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Orsino

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Everything posted by Orsino

  1. Real life has kept me away from modeling for most of a week, but tonight I got back onto the gatehouse. Here you see a second story added, with 14328 Olivia and a converted GW Boromir on high for scale (down below is a converted Silver Sentinel with Royal Navy headgear next to 2391 Kimberlee). The top of the parapets is nine inches above the foamcore basing. Everything's modular, so it would be a piece of cake to add a third story, or as many more as sanity allows. The cutout on the inside of the base allows quick attachment to other bases. The best is yet to come, as inside the second story there's space for the working gate to be raised and lowered, as can be the drawbridge; these are controlled via two winches which will mount in those two white rectangles. The winches are printed on the sheet visible in the second image. My big mistake can be seen in the first picture: the drawbridge is supposed to be attached before the little ramp seen on the back side. Once I put the ramp in place, I had to use tape to secure the drawbridge. What a maroon!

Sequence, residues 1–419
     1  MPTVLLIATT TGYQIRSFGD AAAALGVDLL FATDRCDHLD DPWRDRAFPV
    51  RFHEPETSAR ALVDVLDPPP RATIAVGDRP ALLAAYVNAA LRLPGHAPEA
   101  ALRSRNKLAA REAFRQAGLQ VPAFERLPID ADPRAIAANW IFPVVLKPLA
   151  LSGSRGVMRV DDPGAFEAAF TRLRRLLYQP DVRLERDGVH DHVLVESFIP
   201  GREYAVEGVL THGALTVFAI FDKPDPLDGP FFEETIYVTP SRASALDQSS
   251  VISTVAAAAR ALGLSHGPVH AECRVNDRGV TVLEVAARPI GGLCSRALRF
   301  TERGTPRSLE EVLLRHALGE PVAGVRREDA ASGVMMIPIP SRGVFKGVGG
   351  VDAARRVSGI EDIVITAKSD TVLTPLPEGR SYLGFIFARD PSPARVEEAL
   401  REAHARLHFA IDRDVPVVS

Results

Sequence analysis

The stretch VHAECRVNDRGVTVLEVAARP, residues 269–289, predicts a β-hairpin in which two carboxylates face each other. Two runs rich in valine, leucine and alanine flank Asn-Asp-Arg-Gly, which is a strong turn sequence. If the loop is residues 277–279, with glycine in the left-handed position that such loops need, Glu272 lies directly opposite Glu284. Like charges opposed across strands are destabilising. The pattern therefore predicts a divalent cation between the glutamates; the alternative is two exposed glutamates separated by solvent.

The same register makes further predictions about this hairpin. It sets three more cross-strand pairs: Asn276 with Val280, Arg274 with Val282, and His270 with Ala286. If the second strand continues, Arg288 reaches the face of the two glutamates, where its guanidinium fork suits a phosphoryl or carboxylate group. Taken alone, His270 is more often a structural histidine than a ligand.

2. "Network engineer" is a grand name for circuit tester. I work for a ginormous ISP now, but when I started with the company back in the twentieth century, I was a lowly circuit tester. I used to say that a high-school-trained chimp could do that job, and they were glad to have me, a Signal puke just outta the Army. The technical stuff was easy; only the workload was demanding. I was also lucky enough to get to work with specifically Internet circuits, so my later move to the routing side of things came naturally. I'm a better engineer than I was a soldier, and I was a better soldier than I was a chemistry teacher. Don't want to go back to either. I'm lucky enough to straddle two jobs in a niche I've created for myself, and when a customer's Internet is down, I can still get down and dirty and test his actual circuit before tackling more complex routing issues--no waiting for another department to get around to picking up my ticket. I'm the only one left in my agency who still understands the nitty-gritty, as most of my fellow engineers never worked in the trenches of telecom. Anyone could do my job, eventually, but only with a decade (or two) of similar experience could they do it nearly as well.